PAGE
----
Local Alzheimer’s Society has men’s support group

January 21, 2015   ·   0 Comments

When most people think of primary caregivers for the elderly and disabled, they tend to think of nurses, nursing home workers, or wives caring for their at-home husbands. More often than not, the rather large group of men who become the caregivers for spouses facing Alzheimer’s and Dementia disorders end up being overlooked.

According to statistics released by the Alzheimer’s Society of Canada, 72 percent of seniors affected by Alzheimer’s and dementia are women. That means statistically, out of the 450 clients served by the Dufferin chapter of the society, approximately 327 (if they are all married and living with their spouses still) have male counterparts acting as their caregivers.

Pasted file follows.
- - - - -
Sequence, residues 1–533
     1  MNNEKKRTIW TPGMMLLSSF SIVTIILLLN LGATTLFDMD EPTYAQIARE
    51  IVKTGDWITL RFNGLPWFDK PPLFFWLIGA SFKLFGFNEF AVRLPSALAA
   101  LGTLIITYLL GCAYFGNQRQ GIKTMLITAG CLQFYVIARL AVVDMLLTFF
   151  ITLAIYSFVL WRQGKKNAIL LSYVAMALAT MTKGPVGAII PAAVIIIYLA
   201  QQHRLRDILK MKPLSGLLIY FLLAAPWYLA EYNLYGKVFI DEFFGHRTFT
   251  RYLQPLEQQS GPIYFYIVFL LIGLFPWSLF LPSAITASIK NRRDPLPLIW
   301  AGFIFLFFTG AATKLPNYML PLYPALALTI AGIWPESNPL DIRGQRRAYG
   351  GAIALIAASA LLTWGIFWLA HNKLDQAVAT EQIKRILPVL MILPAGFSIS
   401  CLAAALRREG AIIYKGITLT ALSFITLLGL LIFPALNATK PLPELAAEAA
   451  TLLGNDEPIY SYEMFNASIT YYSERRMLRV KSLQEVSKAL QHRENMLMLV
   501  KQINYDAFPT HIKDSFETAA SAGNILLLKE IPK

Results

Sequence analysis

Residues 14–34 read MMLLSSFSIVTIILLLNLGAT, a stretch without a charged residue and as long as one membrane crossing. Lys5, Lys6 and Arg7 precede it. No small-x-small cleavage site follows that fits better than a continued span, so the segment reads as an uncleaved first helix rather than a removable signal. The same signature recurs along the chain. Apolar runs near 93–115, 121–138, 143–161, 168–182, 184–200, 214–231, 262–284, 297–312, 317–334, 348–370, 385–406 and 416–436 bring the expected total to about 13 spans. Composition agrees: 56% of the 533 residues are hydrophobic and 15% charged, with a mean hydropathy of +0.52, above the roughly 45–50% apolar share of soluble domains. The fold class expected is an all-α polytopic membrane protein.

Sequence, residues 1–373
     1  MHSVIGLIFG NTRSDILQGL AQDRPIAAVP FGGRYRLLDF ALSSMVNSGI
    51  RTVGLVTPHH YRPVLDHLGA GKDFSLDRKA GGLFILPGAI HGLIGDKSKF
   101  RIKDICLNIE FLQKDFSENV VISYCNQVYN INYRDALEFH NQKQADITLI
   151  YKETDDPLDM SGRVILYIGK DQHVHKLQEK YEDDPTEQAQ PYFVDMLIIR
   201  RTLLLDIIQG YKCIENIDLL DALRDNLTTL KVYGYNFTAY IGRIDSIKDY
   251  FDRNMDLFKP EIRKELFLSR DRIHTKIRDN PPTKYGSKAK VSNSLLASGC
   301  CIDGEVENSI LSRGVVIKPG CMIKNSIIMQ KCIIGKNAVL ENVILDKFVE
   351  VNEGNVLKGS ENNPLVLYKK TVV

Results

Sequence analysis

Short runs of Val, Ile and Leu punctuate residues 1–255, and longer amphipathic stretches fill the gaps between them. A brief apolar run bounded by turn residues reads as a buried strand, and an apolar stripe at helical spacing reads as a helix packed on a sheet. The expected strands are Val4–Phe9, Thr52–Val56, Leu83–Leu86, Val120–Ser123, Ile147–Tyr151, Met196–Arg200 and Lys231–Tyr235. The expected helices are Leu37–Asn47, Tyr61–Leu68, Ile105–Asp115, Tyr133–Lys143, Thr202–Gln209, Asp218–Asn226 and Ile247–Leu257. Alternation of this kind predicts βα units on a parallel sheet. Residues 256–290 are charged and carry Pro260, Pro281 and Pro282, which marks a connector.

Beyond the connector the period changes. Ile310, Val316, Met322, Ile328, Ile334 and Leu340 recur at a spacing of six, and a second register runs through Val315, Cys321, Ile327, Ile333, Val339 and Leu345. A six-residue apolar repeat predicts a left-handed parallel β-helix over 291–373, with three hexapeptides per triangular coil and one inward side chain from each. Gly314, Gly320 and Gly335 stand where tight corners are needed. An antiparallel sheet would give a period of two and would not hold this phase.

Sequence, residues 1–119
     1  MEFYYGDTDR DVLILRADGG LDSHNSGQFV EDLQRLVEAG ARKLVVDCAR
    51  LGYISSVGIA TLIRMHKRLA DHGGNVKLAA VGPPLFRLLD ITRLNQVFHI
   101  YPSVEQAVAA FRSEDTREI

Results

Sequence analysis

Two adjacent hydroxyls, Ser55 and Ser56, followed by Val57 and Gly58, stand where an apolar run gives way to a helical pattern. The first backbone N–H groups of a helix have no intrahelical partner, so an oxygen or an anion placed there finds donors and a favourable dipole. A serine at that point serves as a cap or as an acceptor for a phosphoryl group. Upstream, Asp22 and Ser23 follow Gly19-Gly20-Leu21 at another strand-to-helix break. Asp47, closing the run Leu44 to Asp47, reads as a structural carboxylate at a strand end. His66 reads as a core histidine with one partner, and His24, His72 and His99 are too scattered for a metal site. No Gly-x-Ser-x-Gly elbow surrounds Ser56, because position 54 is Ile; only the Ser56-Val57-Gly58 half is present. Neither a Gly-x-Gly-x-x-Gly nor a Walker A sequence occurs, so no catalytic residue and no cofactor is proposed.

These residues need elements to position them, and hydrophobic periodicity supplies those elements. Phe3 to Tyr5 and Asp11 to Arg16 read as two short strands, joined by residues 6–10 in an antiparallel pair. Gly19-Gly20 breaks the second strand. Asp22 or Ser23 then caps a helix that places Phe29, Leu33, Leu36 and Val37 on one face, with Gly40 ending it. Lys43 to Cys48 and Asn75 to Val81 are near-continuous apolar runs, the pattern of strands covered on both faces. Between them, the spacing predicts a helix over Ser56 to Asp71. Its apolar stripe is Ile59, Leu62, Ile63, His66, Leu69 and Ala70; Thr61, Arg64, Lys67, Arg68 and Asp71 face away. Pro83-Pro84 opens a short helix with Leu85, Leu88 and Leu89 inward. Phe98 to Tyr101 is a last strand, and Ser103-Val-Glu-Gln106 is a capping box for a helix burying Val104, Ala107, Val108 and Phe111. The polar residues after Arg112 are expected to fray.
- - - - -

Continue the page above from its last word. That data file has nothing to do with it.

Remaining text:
The Alzheimer’s Society of Dufferin County runs a regular men’s support group, aimed at helping male caregivers connect with one another, and share their own struggles and stories. Last April, I had the opportunity to sit down with the group and speak with them about their experiences.

The group was friendly, comfortable with one another, and seemed, in the short period I was there, to benefit from having this safe place to come and, for a short time, be able to rest and rejuvenate themselves before returning home.